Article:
Did You Receive an Incorrect 1099-G?
If you’ve received Form 1099-G, and it shows unemployment benefits received (in Box 1), but you didn't apply for or receive unemployment benefits, you may have been a victim of identity theft. It is recommended that you contact the authorities.
A number of authorities have reported a surge in people receiving incorrect Form 1099-G copies as their 2020 tax documents are being sent out to them. This stems from the effort to get pandemic relief to people as quickly as possible about a year ago. In that rush, scammers and other bad actors took advantage of the opportunity by filing fraudulent claims for unemployment with ill-gotten personal information from other people.
What to Do if You Receive an Incorrect 1099-G?
If you receive a 1099-G for unemployment benefits, but haven’t actually received unemployment benefits in 2020, DO NOT report these benefits as income. If you did receive benefits, double-check that the amount on your 1099-G form matches the amount of benefits you received.
The IRS has released guidance stating that anyone who receives an inaccurate 1099-G should contact their state agency to request a corrected form. In Ohio, you can report the incident and request a new form at the Ohio Department of Job and Family Services’ website. If you’re not in Ohio, you can find your state’s appropriate agency listed here. If you aren’t able to get a correct form before you file your tax return, you should file anyway and report only the information you have received. The IRS will be sent a correct form by your state agency, so you don’t need to worry about notifying them.
You may be wondering: if I receive Form 1099-G for unemployment benefits I didn’t request and someone else received, do I need to pay taxes on them? The IRS has said no, that’s not the case. Just make sure you contact your state agency to request a revised Form 1099-G stating that you didn’t receive the benefits in question.
There is a method of filing an Identity Theft Affidavit, Form 14039, with the IRS as well. You don’t need to do this unless you e-file your federal return, and it's rejected by the IRS because a return using your Social Security number had already been filed.
If you're worried about your personal information being stolen and then used to file a fraudulent tax return, you can request an Identity Protection PIN (IP PIN) from the IRS. An IP PIN is a six-digit number that prevents someone else from filing a tax return using your Social Security number. The IP PIN is known only by you and the IRS, and this step helps the IRS verify your identity when you file an electronic or paper tax return.
There are two ways to get an IP PIN. If you're a confirmed identity theft victim, the IRS will mail you an IP PIN if your case is resolved prior to the start of the next filing season. Otherwise, you should use the IRS's online Get an IP PIN tool.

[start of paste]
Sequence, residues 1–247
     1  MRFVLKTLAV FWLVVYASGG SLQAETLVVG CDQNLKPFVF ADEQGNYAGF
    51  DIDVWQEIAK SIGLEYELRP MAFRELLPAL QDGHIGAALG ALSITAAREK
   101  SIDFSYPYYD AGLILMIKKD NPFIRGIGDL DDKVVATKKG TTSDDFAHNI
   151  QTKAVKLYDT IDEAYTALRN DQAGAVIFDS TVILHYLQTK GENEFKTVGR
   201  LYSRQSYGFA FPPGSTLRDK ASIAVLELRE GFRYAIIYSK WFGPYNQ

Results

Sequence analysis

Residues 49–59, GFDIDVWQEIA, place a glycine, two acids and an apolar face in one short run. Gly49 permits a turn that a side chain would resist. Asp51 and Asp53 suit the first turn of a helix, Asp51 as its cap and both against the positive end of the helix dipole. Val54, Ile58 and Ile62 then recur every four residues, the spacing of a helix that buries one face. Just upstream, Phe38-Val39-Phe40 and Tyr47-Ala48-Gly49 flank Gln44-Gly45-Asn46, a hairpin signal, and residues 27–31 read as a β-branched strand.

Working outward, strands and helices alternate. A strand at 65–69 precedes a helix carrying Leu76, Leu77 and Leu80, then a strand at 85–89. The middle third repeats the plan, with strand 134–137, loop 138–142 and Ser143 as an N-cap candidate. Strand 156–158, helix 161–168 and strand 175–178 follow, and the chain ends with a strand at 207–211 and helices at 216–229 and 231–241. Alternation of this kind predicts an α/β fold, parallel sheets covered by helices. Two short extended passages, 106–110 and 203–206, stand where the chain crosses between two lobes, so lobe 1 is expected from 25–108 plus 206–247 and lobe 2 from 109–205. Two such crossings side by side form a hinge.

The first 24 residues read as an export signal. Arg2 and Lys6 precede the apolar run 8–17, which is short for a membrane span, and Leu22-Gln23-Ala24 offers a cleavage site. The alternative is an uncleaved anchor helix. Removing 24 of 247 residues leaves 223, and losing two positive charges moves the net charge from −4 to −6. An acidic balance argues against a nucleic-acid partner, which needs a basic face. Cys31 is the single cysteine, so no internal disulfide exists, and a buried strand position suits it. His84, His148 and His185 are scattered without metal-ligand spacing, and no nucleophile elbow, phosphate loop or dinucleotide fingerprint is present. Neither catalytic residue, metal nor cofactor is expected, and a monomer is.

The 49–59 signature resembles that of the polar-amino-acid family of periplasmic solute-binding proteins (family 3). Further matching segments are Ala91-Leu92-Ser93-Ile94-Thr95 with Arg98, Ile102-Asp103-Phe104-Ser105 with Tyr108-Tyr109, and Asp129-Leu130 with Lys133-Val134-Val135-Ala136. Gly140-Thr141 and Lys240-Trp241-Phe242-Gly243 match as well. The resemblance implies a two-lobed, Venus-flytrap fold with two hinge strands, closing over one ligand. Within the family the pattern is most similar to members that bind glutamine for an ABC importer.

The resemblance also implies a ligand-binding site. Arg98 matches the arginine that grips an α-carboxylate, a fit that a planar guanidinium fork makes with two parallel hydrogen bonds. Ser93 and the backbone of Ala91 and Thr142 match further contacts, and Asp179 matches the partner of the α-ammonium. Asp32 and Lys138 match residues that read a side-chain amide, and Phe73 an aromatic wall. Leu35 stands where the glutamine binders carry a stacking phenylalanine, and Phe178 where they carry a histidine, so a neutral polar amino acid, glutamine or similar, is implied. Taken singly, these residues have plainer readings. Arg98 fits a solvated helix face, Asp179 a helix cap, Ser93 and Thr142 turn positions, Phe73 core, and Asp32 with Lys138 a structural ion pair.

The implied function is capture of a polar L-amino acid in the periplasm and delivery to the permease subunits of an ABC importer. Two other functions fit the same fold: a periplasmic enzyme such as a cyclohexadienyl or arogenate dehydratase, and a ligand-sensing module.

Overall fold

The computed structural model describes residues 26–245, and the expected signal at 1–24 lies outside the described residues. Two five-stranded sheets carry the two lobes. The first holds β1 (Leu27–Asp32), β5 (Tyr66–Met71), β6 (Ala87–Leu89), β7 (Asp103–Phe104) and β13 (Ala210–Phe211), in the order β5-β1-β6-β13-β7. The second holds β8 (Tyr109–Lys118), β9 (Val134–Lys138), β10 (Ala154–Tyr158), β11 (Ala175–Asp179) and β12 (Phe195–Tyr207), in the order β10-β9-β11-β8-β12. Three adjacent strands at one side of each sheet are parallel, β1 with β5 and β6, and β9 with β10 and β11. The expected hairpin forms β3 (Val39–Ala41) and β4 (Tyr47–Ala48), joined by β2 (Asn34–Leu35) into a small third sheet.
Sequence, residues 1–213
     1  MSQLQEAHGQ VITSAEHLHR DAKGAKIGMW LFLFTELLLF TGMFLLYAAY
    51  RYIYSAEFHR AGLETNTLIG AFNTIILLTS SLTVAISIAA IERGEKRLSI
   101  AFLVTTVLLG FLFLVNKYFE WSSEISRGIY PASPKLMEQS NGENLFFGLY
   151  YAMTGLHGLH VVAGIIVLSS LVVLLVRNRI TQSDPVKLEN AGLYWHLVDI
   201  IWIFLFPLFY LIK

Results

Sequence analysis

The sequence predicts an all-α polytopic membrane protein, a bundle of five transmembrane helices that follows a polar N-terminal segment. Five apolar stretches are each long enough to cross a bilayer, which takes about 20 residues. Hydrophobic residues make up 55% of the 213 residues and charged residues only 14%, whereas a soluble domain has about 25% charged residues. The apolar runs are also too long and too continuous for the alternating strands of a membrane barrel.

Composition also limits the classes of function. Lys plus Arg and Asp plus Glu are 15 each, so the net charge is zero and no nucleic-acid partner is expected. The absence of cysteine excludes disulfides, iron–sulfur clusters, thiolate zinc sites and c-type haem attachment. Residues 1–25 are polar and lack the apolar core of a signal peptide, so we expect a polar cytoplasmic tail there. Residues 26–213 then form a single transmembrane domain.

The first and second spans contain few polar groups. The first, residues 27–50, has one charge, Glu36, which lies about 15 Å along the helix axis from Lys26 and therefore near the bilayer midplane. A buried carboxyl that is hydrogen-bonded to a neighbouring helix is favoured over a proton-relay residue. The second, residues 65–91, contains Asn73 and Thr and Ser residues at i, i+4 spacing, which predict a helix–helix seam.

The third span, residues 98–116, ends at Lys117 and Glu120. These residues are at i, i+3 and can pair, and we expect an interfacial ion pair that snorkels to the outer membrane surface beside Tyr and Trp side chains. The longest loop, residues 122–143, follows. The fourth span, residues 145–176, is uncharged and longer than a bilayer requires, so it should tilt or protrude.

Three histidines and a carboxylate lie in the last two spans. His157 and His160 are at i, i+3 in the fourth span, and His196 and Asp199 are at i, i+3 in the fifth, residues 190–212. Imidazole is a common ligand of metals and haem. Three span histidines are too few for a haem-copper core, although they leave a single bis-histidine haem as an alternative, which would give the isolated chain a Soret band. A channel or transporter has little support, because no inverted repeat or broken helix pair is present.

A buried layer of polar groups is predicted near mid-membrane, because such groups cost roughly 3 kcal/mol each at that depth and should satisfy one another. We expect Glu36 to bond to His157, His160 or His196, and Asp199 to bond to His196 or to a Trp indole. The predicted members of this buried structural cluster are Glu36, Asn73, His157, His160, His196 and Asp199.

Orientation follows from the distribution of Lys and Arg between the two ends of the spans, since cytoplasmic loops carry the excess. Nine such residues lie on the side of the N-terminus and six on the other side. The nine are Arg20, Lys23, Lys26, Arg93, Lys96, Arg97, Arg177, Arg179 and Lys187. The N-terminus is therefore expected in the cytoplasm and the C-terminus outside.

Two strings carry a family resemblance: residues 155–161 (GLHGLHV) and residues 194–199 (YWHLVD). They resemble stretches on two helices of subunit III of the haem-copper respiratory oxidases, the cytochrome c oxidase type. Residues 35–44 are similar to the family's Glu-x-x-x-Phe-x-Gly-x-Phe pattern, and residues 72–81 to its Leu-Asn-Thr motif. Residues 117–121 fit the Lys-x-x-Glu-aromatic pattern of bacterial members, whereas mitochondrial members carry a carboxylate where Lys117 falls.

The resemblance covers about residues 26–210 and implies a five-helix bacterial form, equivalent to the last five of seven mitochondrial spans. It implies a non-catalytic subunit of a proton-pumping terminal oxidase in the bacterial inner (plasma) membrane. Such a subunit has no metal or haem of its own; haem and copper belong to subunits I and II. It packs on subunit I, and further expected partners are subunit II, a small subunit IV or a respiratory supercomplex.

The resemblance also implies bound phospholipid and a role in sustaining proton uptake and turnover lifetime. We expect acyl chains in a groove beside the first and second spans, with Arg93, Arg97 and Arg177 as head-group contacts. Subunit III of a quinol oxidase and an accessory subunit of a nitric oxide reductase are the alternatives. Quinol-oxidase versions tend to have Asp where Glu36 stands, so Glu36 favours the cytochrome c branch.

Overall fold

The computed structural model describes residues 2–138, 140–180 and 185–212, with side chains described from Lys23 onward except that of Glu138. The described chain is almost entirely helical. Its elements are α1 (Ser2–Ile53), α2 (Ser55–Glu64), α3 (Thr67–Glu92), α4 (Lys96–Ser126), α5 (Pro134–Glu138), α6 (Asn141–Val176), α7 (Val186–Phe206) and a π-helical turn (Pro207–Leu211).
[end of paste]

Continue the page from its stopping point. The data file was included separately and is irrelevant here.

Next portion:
It can also be useful to visit IdentityTheft.gov to report this 1099-G fraud to the FTC and get help with the next important recovery steps. This will allow you to place a free, one-year fraud alert on your credit, receive free credit reports, and close any fraudulent accounts opened in your name. You can also add a free extended fraud alert or credit freeze to your credit report, making it more difficult for an identity thief to open new accounts in your name. For the next year, be sure to review your credit report often so you can spot an address any potential problems quickly. You can do this at AnnualCreditReport.com.
Going forward, the FBI recommends some general tips to follow to keep your identity secure.
- Be wary of telephone calls and text messages, letters, websites, or emails that require you to provide your personal information or other sensitive information, especially birth dates and Social Security numbers.
- Be cautious with attachments and embedded links within email, especially from an unknown email sender.
- Make yourself aware of methods fraudsters are using to obtain personal information and how to combat them by following security tips issued by the Cybersecurity and Infrastructure Security Agency, including:
- Avoiding Social Engineering and Phishing Attacks
- Protecting Against Malicious Code
- Preventing and Responding to Identity Theft
- Monitor your bank accounts on a regular basis and request your credit report at least once a year to look for any fraudulent activity. If you believe you are a victim, review your credit report more frequently.
- Immediately report unauthorized transactions to your financial institution or credit card provider.
- If you suspect you are a victim, immediately contact the three major credit bureaus to place a fraud alert on your credit records. Additionally, notify the Internal Revenue Service by filing an Identity Theft Affidavit (IRS Form 14039) through irs.gov or identitytheft.gov.
In our online world today, it takes vigilance to keep our accounts safe.
|Jake Butcher CFP®
Jake became a member of HCM Wealth in 2010. He is a CERTIFIED FINANCIAL PLANNER™ professional and a member of the HCM Technology Committee. He enjoys spending time with his wife, Katy, daughter, Milly, and son, Graham. Some of his hobbies include, playing basketball, golf, tennis, trying new restaurants and cheering on the UC Bearcats.